WHAT’S NEXT FOR THE EHLERS-DANLOS SOCIETY?

WHAT’S NEXT FOR THE EHLERS-DANLOS SOCIETY?

“My journey with EDS has been an enriching journey, a long journey, and a times a very hard journey, but a journey I probably wouldn’t change.” — Lara Bloom, president, founder and CEO of the Ehlers-Danlos Society The Ehlers-Danlos syndromes (EDS) are a group of connective tissue disorders generally characterized by joint hypermobility (joints that stretch further than normal), skin hyperextensibility (skin that can be stretched further than normal), and tissue fragility. Commonly, people living with EDS can experience joint pain, early onset of osteoarthritis, skin that tears or bruises easily and severe scarring. Importantly, each person’s experience with an EDS is their own and may not necessarily be the same as another person’s experience. According to the Ehlers-Danlos Society, research statistics show the total prevalence of EDS as one in 2,500 to one in 5,000 people; however, recent clinical experience suggests the syndromes may be more common. While there is...
Bryce Chitwood - Jan 22, 2020
CAN SALT HELP MANAGE MIGRAINES?

CAN SALT HELP MANAGE MIGRAINES?

A few years ago, stories of a miracle drink began circulating through the migraine community, in which patients claimed an elixir of nothing more than water, table salt and lemon juice could stop an attack in its tracks.In 2016, the alleged link between sodium intake and migraine severity was corroborated by researchers at the Huntington Medical Research Institutes in Pasadena, California, who found that of nearly 9,000 adults surveyed between 1999 and 2004, those with the highest levels of sodium in their diets—from products like meat, cheese, bread and table salt—reported the fewest severe headaches and migraines.Since then, the narrative has periodically resurfaced, usually by relying on anecdotal evidence to show that more salt intake can reduce the likelihood of an attack.On their own, these stories may seem compelling, but there is widespread disagreement about their validity. For example, the miracle drink was quickly debunked as a “be-all-end-all,” and other...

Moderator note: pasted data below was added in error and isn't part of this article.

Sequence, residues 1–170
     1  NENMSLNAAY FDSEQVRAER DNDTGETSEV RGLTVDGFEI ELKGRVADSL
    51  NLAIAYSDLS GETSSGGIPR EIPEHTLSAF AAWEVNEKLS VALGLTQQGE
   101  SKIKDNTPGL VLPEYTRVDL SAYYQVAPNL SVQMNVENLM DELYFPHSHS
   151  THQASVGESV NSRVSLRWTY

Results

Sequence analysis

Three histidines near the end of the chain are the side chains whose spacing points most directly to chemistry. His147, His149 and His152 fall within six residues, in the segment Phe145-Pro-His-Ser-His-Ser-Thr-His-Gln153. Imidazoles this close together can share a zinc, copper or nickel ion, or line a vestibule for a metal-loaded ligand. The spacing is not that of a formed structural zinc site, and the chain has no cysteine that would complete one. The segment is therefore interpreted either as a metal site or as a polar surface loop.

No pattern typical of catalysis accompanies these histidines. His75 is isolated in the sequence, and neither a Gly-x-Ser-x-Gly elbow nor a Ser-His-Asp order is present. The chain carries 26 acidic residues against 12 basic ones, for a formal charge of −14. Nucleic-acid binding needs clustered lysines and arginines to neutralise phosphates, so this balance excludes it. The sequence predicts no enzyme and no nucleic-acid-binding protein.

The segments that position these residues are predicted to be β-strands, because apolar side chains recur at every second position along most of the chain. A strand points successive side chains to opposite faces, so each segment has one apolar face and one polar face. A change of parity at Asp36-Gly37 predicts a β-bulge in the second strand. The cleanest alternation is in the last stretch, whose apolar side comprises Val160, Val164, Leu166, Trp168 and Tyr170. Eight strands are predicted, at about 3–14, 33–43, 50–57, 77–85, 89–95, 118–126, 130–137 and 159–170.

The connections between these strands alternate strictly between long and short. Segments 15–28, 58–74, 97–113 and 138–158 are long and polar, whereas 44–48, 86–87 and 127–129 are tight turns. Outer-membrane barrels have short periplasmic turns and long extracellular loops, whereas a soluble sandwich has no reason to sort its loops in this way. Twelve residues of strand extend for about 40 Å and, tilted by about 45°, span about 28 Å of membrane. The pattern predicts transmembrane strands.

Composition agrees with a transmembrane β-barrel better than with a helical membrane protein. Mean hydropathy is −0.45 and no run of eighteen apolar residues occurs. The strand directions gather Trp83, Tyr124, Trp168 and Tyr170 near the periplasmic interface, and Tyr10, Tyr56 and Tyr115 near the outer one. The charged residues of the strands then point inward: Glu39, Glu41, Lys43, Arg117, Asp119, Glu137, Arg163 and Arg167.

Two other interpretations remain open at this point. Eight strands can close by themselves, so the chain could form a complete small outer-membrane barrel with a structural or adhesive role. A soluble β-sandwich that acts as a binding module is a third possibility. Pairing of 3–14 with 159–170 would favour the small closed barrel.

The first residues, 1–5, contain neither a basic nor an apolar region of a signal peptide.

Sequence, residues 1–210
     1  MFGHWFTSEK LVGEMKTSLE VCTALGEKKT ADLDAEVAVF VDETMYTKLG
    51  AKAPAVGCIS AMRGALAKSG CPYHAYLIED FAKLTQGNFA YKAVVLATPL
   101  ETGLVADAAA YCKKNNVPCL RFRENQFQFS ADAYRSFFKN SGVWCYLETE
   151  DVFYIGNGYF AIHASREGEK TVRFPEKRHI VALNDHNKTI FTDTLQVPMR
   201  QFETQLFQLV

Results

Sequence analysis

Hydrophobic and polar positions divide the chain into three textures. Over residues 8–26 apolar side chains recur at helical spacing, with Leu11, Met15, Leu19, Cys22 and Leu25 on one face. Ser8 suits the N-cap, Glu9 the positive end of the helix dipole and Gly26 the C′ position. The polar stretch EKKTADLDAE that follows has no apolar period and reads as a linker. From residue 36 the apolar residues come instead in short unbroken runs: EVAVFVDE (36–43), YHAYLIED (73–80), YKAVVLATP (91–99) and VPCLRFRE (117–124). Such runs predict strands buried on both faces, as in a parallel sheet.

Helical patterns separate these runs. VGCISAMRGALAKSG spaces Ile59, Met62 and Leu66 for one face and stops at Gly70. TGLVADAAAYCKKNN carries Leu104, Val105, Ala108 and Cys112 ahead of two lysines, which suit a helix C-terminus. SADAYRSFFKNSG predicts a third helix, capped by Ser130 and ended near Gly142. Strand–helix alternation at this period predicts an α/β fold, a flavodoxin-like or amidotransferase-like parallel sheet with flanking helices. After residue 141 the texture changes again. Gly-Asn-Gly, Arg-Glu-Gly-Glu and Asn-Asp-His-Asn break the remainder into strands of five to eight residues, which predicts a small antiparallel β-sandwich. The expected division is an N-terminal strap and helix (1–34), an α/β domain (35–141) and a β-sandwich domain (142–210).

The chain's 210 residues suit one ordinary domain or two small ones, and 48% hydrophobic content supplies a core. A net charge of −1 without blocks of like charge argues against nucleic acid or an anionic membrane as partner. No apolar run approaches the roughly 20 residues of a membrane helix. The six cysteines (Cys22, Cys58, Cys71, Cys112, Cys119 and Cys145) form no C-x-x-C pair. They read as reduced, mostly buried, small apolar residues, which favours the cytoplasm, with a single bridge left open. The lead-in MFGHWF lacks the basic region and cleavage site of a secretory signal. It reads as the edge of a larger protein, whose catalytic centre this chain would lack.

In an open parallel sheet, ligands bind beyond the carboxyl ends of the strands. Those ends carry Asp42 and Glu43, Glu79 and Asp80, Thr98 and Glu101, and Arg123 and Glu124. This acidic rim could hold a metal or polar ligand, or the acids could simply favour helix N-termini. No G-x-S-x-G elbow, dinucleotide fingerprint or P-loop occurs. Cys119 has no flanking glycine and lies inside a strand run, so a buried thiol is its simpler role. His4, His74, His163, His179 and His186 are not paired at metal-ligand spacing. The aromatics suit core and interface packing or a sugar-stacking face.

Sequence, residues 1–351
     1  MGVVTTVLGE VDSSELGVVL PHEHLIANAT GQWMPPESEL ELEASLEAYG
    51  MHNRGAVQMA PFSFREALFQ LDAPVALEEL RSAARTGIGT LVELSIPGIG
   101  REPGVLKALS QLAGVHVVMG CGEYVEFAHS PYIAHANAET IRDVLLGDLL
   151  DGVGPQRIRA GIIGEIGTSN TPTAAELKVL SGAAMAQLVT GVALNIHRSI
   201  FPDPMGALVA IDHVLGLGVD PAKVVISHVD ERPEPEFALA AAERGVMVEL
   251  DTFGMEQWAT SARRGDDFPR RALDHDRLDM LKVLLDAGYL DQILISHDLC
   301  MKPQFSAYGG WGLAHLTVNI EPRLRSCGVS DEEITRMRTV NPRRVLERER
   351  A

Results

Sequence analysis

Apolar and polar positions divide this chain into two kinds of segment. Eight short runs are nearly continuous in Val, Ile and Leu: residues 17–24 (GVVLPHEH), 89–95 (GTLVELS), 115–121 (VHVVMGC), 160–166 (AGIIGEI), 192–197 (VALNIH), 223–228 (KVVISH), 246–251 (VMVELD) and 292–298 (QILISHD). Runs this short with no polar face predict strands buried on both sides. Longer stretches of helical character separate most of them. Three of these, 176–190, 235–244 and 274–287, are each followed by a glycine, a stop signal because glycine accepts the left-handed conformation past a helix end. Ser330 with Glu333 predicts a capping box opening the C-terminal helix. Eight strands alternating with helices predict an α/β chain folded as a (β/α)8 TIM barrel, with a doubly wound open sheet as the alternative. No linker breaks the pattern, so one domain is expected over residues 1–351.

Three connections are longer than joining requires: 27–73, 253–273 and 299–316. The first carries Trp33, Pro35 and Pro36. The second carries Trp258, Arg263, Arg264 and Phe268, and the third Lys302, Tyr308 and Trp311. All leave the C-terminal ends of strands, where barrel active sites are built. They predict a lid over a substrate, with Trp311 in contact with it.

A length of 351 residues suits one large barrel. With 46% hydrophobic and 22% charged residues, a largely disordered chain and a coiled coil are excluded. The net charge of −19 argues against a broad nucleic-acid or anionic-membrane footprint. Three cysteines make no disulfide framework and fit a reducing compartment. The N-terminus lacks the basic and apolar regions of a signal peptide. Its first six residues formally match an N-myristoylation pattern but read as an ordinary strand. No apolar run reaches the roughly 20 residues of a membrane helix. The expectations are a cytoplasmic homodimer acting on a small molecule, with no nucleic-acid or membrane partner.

Bryce Chitwood - Nov 14, 2019
CRPS: “THE MOST EXTREME CHRONIC PAIN KNOWN TO MAN”

CRPS: “THE MOST EXTREME CHRONIC PAIN KNOWN TO MAN”

In September, SaltStick helped sponsor the 4th Annual Long Island CRPS Awareness Walk & Expo, hosted by the Reflex Sympathetic Dystrophy Syndrome Association (RSDSA). Each year, the event helps raise awareness for people living with Complex Regional Pain Syndrome (CRPS), a debilitating and chronic disorder that can cause unrelenting neurologic pain that trumps the pain of cancer, amputation and childbirth. Debbie O’Neal, the event’s co-chair, developed CRPS in 2003 after a 50-pound box of steel fell and hit her while at work, leaving her permanently disabled. Along with being a proud wife, mother and grandmother, Debbie is a passionate advocate for spreading awareness about CRPS. We recently spoke to Debbie about her experience living with CRPS, including the challenges, treatments and research that’s being done in the field. Below, you can find a transcript of our conversation, lightly edited for brevity and clarity. Tell us about CRPS/RSD (General overview: symptoms, challenges). No one...
Bryce Chitwood - Oct 21, 2019
WHY DO WE FAINT?

WHY DO WE FAINT?

Every year, three percent of all emergency room visits are caused by someone fainting. While the act of passing out is generally not fundamentally dangerous, losing consciousness can be harmful if a person cannot control his or her fall (to avoid a sharp object, for example). People living with autonomic disorders such as POTS or vasovagal syncope are usually familiar with the fainting experience, which can be unpleasant and accompanied by sweating, nausea and intense feelings of anxiety. It is common to wonder whether anything can be done to alleviate or prevent fainting spells altogether. In this blog, we dive into the science to explain what causes fainting. BLOOD FLOW AND THE BRAIN Fainting, known as “syncope” (pronounced: SING kuh pee) in the medical community, is defined by the U.S. National Institutes of Health as a temporary loss of consciousness due to the sudden decline of blood flow to the brain. When we go...
Bryce Chitwood - Aug 14, 2019
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